By Douglas Maxwell Myer, Contributing Writer
Northborough – United States Ski Team member Nick Krause has taken part in about 30 races this season, including a qualifying run for the World Cup in Austria. Originally from Northborough, Krause’s passion for skiing first developed in central Mass. when he made it onto Ski Ward’s team in Shrewsbury at the age of 7.
His love of skiing led him to Wachusett Mountain’s Ski Team in Princeton for two years, where his skills progressed with the help of Coach Brian McBride. Mount Wachusett now serves as one of Krause’s sponsors.
As a kid, Krause always looked up to Bode Miller as a source of inspiration.
“Bode essentially revolutionized the sport of ski racing with his unconventional course tactics,” Krause said. “It inspired me to become the best skier I could possibly be, with the hopes of one day pushing the sport to new levels myself.”
By the time Krause was in his late teens he was a member of the Stratton Mountain School Team in Vermont where he grabbed the attention of coaches from the U.S. Ski Team. The coaches were impressed with Krause’s strong performance in his last year at Stratton, helping him advance onto the U.S. Ski Team.
Currently, Krause is competing for the American C Team where he’s had various coaches over the past few years who have helped him become a better skier and competitor. His current coaches are Ian Lochhead and Brad Saxe.
“After a day of training, I watch the video with my coaches to analyze each turn I make,” noted Krause. “We then talk about the technical and tactical changes I can make to go faster the next day.”
The competition is fierce.
“With 100 different competitors capable of winning, it becomes extremely difficult to be on the podium on any given day,” Krause said. “I think my greatest strength on race day is being able to forget that I had a bad run or crashed the day before, and convincing myself I can win the race no matter what the competition is.”
His strong mentality has served him well, especially when coping with several injuries from crashes in the past four years. He’s had five surgeries, two on his ankle, two on his knee, and one on his hip. Each injury was followed by countless hours in physical therapy and working hard in the weight room to get strength back in the injured area. Injuries are common in Alpine skiing and being able to come back strong from injuries is an essential quality of becoming a great skier.
Recently, Krause placed first in the Super G last May in the Cooper Mountain, Colorado, race and in Giant Slalom races in the Park City, Utah, and Big Sky Resort, Montana, in January. At the Europa Cup, he placed sixth and seventh in two Super G races, which earned him a place at the World Cup in Hinterstoder, Austria, Feb. 27.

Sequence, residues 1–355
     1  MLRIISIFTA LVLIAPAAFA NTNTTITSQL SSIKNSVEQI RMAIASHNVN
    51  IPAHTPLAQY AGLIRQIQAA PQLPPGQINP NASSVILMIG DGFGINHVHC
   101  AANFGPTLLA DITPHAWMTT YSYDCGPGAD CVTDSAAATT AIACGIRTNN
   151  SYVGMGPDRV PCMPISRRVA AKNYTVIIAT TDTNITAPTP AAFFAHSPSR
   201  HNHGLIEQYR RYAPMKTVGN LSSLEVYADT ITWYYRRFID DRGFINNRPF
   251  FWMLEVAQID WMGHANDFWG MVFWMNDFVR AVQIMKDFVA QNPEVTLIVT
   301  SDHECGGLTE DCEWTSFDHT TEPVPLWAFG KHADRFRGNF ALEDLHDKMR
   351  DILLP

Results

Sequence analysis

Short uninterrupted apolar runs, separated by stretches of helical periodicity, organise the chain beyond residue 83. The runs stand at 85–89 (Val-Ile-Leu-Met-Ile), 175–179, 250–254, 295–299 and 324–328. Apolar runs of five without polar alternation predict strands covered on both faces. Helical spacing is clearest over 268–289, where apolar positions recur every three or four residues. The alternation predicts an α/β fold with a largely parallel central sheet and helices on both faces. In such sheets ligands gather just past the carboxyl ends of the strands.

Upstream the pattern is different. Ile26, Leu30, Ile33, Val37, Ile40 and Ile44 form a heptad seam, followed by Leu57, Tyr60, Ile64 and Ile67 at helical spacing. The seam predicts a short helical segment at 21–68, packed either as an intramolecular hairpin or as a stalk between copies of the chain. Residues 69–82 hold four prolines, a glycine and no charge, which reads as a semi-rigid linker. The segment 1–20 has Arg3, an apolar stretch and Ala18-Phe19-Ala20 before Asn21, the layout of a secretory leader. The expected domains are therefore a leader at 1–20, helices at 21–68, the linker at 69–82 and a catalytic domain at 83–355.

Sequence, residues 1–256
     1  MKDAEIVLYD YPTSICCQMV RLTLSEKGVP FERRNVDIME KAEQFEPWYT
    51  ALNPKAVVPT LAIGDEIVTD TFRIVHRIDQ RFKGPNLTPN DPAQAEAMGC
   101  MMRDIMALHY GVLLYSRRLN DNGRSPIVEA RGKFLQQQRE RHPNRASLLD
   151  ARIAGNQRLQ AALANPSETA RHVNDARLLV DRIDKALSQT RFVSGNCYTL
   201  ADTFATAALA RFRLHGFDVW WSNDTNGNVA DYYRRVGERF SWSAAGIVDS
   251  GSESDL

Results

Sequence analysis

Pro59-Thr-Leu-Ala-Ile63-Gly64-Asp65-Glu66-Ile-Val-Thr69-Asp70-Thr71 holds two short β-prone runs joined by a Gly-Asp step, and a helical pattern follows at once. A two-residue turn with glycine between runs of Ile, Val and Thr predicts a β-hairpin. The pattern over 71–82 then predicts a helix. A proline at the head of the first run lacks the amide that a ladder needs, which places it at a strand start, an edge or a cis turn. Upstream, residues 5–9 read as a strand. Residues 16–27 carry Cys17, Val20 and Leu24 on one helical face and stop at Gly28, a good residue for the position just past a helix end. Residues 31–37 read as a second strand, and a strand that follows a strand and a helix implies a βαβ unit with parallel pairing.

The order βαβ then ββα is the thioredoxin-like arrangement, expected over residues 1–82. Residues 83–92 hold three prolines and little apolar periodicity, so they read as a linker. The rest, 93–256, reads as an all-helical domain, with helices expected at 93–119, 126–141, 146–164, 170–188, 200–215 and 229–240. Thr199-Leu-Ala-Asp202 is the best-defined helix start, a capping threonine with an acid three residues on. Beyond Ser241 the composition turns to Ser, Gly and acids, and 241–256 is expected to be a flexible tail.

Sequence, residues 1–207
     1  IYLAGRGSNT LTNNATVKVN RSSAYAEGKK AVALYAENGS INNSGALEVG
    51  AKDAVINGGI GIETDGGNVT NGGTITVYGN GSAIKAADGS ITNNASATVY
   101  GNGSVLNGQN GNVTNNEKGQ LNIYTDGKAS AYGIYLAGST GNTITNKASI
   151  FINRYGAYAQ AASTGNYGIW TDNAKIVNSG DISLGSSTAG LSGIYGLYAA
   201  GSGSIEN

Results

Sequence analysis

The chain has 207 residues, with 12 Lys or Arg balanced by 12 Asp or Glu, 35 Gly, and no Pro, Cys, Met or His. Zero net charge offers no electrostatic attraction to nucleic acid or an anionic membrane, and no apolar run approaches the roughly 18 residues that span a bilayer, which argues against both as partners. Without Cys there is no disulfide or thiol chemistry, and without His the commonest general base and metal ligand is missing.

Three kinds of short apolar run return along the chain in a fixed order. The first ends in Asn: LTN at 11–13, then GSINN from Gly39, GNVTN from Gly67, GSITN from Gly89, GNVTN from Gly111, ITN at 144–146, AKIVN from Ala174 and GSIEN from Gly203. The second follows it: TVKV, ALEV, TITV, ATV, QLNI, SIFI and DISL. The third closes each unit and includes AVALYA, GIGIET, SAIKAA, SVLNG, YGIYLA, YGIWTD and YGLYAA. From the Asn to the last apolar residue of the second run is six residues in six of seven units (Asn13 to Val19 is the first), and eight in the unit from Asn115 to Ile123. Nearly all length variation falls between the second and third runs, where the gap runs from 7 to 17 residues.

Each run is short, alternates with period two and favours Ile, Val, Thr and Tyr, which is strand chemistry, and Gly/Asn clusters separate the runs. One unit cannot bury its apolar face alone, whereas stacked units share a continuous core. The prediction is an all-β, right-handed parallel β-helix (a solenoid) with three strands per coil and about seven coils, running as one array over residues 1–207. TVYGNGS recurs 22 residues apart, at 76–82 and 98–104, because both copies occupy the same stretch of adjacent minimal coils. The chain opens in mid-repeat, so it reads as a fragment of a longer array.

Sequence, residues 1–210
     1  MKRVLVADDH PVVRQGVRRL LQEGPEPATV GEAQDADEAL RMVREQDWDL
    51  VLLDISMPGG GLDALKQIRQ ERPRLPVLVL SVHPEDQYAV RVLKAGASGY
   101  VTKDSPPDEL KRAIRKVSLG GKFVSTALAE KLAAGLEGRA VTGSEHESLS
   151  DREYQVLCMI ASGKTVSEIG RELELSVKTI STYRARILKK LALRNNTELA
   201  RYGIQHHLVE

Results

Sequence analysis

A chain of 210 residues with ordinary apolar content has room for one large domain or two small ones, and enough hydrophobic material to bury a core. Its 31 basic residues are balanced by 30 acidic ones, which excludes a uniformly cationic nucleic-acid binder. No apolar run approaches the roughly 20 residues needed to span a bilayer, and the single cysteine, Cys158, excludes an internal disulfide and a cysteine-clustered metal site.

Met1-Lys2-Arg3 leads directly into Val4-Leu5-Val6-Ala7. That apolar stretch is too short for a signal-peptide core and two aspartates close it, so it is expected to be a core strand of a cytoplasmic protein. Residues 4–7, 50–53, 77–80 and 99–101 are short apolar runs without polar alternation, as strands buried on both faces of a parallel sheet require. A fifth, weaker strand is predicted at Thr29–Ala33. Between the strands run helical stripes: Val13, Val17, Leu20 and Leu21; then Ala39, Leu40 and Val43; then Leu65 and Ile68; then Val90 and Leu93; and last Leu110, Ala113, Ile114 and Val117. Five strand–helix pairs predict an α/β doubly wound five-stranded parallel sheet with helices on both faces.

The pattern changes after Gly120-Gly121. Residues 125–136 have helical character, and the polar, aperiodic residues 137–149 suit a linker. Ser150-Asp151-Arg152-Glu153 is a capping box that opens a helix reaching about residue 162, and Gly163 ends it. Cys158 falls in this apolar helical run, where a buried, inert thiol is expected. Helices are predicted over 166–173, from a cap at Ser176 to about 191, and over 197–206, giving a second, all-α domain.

While at the starting gate of his Super G race, Krause had a moment to take in the many spectators who came to watch the event.
“The nerves were definitely higher than in any other race,” Krause noted, “so I just tried to stay calm at the start.”
As Krause pushed his way down the course, his skis accelerated up to speeds of 70 to 80 miles per hour. He carved his way around 40 turning gates and completed the 2,116-meter course in one minute 36.55 seconds, placing 54th in his World Cup debut performance. However, former U.S. Ski Team member, Doug Lewis, who competed as an Alpine skier in the mid-1980s, was so impressed with his efforts he commented on Krause during his televised broadcast, noting that Krause did a better job than he did in his own World Cup debut.
After the World Cup, Krause placed in sixth as a Giant Slalom competitor in Aspen Mountain, Colorado, and ranked fifth in the Super G at the Sun Valley Resort in Idaho. These recent races could possibly promote Krause to the U.S. B Ski Team but a decision will not officially be made until around the end of April.
In addition to his skiing endeavors, Krause is currently enrolled at Dartmouth College in New Hampshire. He still stays in touch with friends in Northborough and continues to visit his hometown several times a year. Skiing is still in the forefront, however, and he hopes to keep doing what he loves most.
“Skiing has all contributed to the person I am today,” said Krause. “I feel that as long as I continue skiing with the drive and passion that I have now, I will continue to improve and will hopefully make a lifelong career of this sport.”